Cat Population Explosion Looms in Regina

Spring showers, red robins and unwanted litters of kittens being left at animal shelters are all tell-tale signs of the arrival of spring. Spaying and neutering is the only humane solution to address the pet homelessness crisis, which impacts every animal shelter in the province of Saskatchewan. The Regina Humane Society’s (RHS) community based solutions, such as its Subsidized Spay and Neuter Program, have targeted the overpopulation crisis supporting a steady decline in unwanted cat numbers over the last 8 years. That is until 2016. Following an unseasonably warm winter and early spring, 2016 became the “Year of the Cat” in Saskatchewan.

Last year, the Regina Humane Society received 500 more cats, mostly kittens, than in any of the previous 8 years. Adding to the total 3,000 felines in need, the cat/kitten influx in 2016 dangerously taxed the organizations resources and capacity to provide care.

As the Society prepares for peak season incoming cats, we are reaching out to the community to become a part of the solution to pet homelessness instead of part of the problem by following these simple steps.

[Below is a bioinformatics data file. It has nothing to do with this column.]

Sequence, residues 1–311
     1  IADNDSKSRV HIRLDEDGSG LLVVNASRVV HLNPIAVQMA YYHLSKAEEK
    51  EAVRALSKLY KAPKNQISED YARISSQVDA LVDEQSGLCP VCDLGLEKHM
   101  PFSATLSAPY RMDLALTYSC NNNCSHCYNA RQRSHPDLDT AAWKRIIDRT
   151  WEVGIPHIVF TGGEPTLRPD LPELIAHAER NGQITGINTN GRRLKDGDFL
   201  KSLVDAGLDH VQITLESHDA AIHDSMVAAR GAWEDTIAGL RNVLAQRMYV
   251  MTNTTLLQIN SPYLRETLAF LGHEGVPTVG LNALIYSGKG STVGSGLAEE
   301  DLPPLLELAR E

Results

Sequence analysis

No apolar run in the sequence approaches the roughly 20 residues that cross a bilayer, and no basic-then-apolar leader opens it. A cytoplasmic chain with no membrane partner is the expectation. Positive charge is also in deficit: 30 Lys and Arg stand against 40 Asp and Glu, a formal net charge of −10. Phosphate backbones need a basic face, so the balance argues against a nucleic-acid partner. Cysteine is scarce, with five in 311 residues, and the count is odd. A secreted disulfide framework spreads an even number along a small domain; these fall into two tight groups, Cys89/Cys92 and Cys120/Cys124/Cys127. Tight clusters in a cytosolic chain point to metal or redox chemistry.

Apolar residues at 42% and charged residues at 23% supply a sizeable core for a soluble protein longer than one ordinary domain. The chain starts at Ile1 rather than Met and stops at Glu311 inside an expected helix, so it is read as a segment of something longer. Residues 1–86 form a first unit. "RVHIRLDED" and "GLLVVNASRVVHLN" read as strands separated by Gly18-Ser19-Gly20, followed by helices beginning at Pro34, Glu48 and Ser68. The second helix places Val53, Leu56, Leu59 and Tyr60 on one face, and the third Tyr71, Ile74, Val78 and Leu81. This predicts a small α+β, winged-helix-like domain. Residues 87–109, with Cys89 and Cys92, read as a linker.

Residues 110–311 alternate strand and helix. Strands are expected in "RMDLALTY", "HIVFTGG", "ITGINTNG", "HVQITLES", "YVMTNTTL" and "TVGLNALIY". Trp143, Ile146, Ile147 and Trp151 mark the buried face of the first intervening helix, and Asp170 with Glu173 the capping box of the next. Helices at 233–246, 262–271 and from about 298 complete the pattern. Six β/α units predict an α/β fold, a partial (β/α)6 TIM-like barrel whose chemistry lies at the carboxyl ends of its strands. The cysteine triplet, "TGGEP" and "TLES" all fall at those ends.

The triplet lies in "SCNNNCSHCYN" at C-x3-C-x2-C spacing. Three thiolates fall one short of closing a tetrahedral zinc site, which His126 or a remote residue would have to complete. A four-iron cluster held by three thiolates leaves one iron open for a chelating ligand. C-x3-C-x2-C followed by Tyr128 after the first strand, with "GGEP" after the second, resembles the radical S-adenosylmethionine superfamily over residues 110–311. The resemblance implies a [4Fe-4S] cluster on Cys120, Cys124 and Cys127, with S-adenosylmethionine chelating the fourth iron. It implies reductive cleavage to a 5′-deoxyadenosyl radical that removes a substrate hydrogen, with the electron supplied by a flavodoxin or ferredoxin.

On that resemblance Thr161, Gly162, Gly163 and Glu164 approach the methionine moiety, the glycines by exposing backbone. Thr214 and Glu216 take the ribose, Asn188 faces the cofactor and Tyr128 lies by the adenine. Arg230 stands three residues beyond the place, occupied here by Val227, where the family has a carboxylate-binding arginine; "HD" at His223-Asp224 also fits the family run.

• If you see a stray pet, assume it has an owner.  The RHS Lost and Found Department and on-line directory (reginahumanesociety.test ) as well as multiple other on-line forums exist to connect lost pets with owners.  If attempts to find an owner are unsuccessful, deliver lost pets to the Humane Society, or contact RHS Animal Protection Services (306-777-7700) for pick-up, so that unclaimed stray pets can be sterilized and rehomed.
  • Contact RHS Animal Protection Services (306-777-7700) for information on how to bring stray cats to safety.
  • Identify your own pets.  A license, microchip or ID tag is a lost pet’s ticket home.  The RHS offers monthly Microchip Clinics providing this valuable identifier for only $30.
  • Spay or neuter pets that you are caring for inside, or outside, of your home.  Well-meaning community members feeding unsterilized community cats create a healthy breeding environment resulting in hundreds of unwanted kittens who face starvation, injury or death and contribute to the thousands of animals in need filling community shelters and rescues.  Contact your veterinarian to arrange for spay/neuter. If financial assistance is required, apply for the RHS Fully or Partially Subsidized Spay Neuter Program at 306-543-6363.

In spite of record numbers of cats flooding into the RHS in 2016, the Society also saw a record number of adoptions. This, however, is not sustainable. Only through working together as a community will the pet population, particularly cats, be brought under control and unnecessary pain and suffering of companion animals be eradicated.